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BioLaw Journal ; 2021(SpecialIssue 2):85-95, 2021.
Artigo em Inglês | Scopus | ID: covidwho-1341978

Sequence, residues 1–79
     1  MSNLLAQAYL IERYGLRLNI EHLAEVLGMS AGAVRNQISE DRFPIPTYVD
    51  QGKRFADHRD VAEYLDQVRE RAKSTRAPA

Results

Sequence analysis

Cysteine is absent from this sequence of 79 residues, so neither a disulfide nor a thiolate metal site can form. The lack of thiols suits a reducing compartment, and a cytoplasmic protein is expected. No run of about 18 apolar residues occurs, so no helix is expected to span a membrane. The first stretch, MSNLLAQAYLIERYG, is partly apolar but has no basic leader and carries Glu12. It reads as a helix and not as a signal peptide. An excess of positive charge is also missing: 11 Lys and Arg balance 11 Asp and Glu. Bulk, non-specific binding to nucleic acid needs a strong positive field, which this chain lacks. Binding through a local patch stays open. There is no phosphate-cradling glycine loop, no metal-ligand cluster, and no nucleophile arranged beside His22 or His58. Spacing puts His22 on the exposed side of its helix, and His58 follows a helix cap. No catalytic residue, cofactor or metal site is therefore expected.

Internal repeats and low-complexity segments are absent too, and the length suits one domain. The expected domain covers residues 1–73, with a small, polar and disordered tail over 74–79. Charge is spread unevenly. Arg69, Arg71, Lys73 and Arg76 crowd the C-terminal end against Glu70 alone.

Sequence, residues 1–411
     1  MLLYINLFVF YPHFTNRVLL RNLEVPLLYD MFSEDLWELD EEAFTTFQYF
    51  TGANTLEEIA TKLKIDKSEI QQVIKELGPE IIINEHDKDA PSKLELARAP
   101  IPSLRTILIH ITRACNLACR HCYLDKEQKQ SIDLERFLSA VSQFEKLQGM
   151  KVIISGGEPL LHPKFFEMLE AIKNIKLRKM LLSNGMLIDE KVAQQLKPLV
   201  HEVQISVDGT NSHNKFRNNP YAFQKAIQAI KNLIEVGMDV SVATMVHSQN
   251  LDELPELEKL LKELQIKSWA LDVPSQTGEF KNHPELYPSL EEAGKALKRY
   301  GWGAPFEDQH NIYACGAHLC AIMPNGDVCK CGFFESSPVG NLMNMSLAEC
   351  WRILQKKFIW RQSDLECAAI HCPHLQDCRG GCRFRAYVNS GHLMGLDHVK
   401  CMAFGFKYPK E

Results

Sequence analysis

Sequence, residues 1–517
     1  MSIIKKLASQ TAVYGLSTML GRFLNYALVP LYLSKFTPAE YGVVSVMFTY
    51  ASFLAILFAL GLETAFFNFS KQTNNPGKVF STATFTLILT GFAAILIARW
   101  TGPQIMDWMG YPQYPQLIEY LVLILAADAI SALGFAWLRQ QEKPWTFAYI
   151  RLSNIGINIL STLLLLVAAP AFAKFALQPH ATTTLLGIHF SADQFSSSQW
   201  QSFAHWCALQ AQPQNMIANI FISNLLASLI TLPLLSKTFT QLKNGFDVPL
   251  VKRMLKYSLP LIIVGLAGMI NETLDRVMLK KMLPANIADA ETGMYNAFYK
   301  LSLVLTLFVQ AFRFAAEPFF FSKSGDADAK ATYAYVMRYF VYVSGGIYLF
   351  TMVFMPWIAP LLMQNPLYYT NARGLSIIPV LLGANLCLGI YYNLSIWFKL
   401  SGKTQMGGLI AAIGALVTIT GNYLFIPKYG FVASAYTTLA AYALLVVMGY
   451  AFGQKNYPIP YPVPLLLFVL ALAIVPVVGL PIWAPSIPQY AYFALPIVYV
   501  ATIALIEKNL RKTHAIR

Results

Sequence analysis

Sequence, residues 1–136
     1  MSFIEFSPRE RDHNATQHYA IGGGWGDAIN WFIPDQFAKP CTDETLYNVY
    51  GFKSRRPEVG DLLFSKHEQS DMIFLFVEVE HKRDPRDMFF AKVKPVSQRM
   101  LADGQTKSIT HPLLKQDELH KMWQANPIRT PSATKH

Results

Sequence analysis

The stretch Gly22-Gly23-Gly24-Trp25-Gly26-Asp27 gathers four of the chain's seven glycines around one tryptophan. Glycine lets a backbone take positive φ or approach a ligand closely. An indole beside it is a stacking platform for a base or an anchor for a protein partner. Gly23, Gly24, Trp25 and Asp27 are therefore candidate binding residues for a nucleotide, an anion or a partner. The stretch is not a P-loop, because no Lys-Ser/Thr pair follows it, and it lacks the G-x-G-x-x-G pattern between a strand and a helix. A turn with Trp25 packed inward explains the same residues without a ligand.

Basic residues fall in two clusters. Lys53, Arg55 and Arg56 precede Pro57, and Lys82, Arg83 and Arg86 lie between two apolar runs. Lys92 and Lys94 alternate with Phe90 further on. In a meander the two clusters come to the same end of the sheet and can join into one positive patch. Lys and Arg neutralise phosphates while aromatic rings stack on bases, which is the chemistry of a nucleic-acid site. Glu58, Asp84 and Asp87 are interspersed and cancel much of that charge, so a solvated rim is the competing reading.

The explosion of the Covid-19 pandemic has led us to introduce numerous states of exception in our everyday lives, sparking debates about their appropriateness at various levels. Among other changes we have adopted, there has been an increase of apps supporting our fight against Covid-19 all over the world. From apps helping us to join and coordinate clinical trials to contact tracing apps, various are the instances in which digital technology has -at least attempted tocome to rescue to the scientific, public policy and political realms during the challenging times we are currently living in. Particularly in relation to contact tracing apps, ethical concerns have been raised over the level of transparency that they can guarantee, often stressing how the State needs to ensure a number of variables to be granted to citizens: from privacy to fairness of access and distribution through their compulsory status or not. In Western liberal democracies, the assumption has been that all risks associated with this digital technology would have to be dealt with by the State - hence making its misuse “only” public, albeit authoritarian in their most dystopian versions. Here, the intention is to stress some of the overlooked dimensions of the use of different types of Covid-19 related apps. More specifically, this paper takes issue with the secondary use of data that various private companies engaged in the fight against Covid-19 could make -with an unclear role for informed consent. Especially when in the hands of private, for profit, companies, attention should abound on what states of exceptions we are allowing to slip through our ethical supervision -and to what we are actually giving consent to when downloading these apps. © 2021